The opinion of the court was delivered by: Judge Conner
Presently before the court is a motion to dismiss (Doc. 11) plaintiff Felix Ibarra's ("Ibarra") civil rights complaint (Doc. 1) pursuant to FED. R. CIV. P. 12(b)(6), filed on behalf of defendant Geisinger Medical Center ("Geisinger"). For the reasons set forth below, the motion will be granted.
Ibarra, at all relevant times, an inmate incarcerated at the United States Penitentiary at Allenwood ("USP-Allenwood"), White Deer, Pennsylvania, alleges that Geisinger "did blood work exams and full lab reports of when I got infected with Hepatitis A & C on or about April 2002 thru 2006." (Doc. 1, p. 2).
Federal Rule of Civil Procedure 12(b)(6) provides for dismissal of a claim that fails to assert a basis upon which relief can be granted. FED. R. CIV. P. 12(b)(6). In the context of a motion to dismiss under Rule 12(b)(6), the court must accept as true all of the factual allegations in the complaint and all reasonable inferences that can be drawn therefrom. Langford v. City of Atlantic City, 235 F.3d 845, 847 (3d Cir. 2000) (citing Nami v. Fauver, 82 F.3d 63, 65 (3d Cir. 1996)). Although the court is generally limited in its review to the facts alleged in the complaint, it "may also consider matters of public record, orders, exhibits attached to the complaint and items appearing in the record of the case." Oshiver v. Levin, Fishbein, Sedran & Berman, 38 F.3d 1380, 1384 n.2 (3d Cir. 1994); see also In re Burlington Coat Factory Sec. Litig., 114 F.3d 1410, 1426 (3d Cir. 1997) (stating that, although "a district court ruling on a motion to dismiss may not [generally] consider matters extraneous to the pleadings[,] . . . a document integral to or explicitly relied upon in the complaint" may be considered "without converting the motion [to dismiss] into one for summary judgment") (quoting Shaw v. Digital Equip. Corp., 82 F.3d 1194, 1224 (1st Cir. 1996)).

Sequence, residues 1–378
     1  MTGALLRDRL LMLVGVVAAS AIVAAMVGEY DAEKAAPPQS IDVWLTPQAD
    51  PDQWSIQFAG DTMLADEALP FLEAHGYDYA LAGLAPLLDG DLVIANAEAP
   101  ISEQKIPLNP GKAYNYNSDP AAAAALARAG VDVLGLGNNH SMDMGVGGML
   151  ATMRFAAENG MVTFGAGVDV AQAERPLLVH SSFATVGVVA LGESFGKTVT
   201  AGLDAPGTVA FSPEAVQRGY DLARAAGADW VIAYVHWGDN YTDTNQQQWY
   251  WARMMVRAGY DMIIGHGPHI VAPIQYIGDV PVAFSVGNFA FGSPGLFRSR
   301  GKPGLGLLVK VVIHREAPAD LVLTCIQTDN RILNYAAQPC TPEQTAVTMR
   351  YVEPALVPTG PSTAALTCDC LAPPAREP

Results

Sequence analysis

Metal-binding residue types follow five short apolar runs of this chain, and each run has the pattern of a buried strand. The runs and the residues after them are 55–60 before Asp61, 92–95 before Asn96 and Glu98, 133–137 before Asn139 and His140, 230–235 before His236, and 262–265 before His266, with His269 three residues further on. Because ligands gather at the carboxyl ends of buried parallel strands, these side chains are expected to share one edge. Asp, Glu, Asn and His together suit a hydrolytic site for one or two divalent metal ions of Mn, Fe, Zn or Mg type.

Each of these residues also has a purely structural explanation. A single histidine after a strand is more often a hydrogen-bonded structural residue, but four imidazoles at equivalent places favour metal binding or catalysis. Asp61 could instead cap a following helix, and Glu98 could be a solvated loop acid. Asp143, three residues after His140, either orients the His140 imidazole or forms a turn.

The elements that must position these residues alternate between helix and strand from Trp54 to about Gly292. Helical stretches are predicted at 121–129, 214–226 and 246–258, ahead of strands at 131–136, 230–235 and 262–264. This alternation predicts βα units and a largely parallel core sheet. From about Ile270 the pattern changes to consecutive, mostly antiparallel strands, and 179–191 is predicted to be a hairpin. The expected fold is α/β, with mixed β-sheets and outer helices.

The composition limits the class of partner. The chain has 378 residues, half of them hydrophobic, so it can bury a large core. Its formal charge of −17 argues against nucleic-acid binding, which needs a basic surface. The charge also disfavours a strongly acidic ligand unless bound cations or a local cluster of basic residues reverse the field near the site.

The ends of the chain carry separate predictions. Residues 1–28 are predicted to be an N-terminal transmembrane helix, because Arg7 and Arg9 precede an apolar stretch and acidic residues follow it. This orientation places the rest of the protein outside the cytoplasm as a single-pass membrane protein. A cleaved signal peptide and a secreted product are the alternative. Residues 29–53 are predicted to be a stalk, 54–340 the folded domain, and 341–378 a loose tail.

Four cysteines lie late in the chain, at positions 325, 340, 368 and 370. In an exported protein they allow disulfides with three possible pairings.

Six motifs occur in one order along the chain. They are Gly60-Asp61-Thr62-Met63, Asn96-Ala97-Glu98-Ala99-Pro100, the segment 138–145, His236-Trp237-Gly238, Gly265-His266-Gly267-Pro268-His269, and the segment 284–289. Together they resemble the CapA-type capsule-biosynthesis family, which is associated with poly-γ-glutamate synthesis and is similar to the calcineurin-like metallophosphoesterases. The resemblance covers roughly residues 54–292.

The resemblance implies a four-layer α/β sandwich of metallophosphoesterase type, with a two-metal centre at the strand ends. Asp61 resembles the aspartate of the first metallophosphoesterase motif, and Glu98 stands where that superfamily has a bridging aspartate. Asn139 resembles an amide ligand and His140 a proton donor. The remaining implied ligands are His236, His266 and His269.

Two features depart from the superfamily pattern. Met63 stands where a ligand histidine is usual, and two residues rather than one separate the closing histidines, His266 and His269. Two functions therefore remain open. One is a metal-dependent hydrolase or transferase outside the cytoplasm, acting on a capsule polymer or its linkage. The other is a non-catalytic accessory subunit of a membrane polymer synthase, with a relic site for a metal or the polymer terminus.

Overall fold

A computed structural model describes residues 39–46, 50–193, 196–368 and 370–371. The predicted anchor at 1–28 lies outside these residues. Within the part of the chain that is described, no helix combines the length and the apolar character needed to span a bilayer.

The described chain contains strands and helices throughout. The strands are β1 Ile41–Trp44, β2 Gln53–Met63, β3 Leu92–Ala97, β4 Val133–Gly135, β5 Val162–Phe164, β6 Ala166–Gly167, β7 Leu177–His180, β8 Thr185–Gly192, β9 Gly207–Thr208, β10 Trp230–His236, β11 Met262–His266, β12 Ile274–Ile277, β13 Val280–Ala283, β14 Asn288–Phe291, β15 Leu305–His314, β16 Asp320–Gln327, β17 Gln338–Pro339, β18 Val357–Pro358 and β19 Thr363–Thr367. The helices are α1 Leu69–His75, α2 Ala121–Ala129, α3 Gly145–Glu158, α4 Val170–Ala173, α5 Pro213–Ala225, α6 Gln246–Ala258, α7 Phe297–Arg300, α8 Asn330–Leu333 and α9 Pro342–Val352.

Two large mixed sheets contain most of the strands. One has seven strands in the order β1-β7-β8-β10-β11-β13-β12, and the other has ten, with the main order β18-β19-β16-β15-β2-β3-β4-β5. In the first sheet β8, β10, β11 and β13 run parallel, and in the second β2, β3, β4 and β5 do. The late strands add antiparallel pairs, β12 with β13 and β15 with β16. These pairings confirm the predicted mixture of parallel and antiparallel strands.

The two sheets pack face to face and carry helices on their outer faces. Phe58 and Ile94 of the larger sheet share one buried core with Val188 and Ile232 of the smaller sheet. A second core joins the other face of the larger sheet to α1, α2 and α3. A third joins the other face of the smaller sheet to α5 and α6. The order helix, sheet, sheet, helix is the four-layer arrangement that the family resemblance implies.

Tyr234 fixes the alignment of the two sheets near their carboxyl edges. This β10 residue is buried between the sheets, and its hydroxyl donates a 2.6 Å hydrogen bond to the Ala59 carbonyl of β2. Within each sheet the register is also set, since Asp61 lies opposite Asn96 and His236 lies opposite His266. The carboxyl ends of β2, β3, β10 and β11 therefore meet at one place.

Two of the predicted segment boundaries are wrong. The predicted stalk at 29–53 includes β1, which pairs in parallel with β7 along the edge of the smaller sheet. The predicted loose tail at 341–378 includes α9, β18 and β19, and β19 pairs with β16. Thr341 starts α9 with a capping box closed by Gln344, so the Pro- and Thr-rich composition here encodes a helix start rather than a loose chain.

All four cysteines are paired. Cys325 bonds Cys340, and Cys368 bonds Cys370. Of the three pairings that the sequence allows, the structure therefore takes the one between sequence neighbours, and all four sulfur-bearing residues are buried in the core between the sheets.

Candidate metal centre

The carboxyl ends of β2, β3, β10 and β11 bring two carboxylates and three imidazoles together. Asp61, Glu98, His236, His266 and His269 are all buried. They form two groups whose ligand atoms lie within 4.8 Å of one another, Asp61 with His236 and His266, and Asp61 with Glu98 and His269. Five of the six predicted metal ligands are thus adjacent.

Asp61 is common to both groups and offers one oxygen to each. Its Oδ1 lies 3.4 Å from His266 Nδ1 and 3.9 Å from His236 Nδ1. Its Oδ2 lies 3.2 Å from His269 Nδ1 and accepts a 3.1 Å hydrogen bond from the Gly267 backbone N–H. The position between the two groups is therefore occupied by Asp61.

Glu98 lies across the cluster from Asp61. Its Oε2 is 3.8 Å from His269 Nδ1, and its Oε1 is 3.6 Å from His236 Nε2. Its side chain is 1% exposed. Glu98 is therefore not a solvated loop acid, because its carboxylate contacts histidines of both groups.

The court will not dismiss a complaint for failure to state a claim unless it appears beyond a doubt that "no relief could be granted under any set of facts that could be proved consistent with the allegations." Swierkiewicz v. Sorema N.A., 534 U.S. 506, 514 (2002). "The complaint will be deemed to have alleged sufficient facts if it adequately put[s] the defendant on notice of the essential elements of the plaintiff's cause of action." Langford, 235 F.3d at 847. The court must grant leave to amend before dismissing a complaint that is merely deficient. See Shane v. Fauver, 213 F.3d 113, 116-17 (3d Cir. 2000).
When seeking to impose liability due to the deprivation of any rights, privileges, or immunities secured by the Constitution and laws, the appropriate remedy is a civil rights action. Leamer v. Fauver, 288 F.3d 532, 540 (3d Cir. 2002). In order to state an actionable civil rights claim, the plaintiff must allege that a person has deprived him or her of a federal right and that the person who caused the deprivation acted under color of state or territorial law. West v. Atkins, 487 U.S. 42, 48 (1988). A plaintiff does not set forth a viable civil rights claim when he alleges merely negligent conduct. Davidson v. Cannon, 474 U.S. 344, 347-48 (1986); Daniels v. Williams, 474 U.S. 327, 330-36 (1986); Freedman v. City of Allentown, 853 F.2d 1111, 1117 (3rd Cir. 1988).
Ibarra is unable to overcome a fatal flaw with regard to Geisinger, a private medical entity. Nowhere in the complaint does he allege that this defendant was acting under color of state law. "Merely private conduct, no matter how discriminatory or wrongful," is excluded from the reach of a civil rights action. Am. Mfrs. Mut. Ins. Co. V. Sullivan, 526 U.S. 40, 50 (1999).
Moreover, Ibarra fails to demonstrate a prima facie case of Eighth Amendment cruel and unusual punishment based on the denial of medical care.
A plaintiff must establish that defendants acted "with deliberate indifference to his or her serious medical needs." Estelle v. Gamble, 429 U.S. 97, 104; Durmer v. O'Carroll, 991 F.2d 64, 67 (3d Cir. 1993). Where an inmate is provided with medical care and the dispute is over the adequacy of that care, an Eighth Amendment claim does not exist. Nottingham v. Peoria, 709 F.Supp. 542, 547 (M.D.Pa. 1988). Disagreement among individuals as to the proper medical treatment does not support an Eighth Amendment claim. Monmouth County Correctional Inst. Inmates v. Lensario, 834 F.2d 326, 346 (3d Cir. 1987). Only flagrantly egregious acts or omissions can violate the standard. Mere medical malpractice cannot result in an Eighth Amendment violation, nor can any disagreements over the professional judgment of a health care provider. White v. Napoleon, 897 F.2d 103, 108- 10 (1990). Plaintiff fails to set forth allegations that rise to the level of deliberate indifference. Geisinger's motion to dismiss will be granted.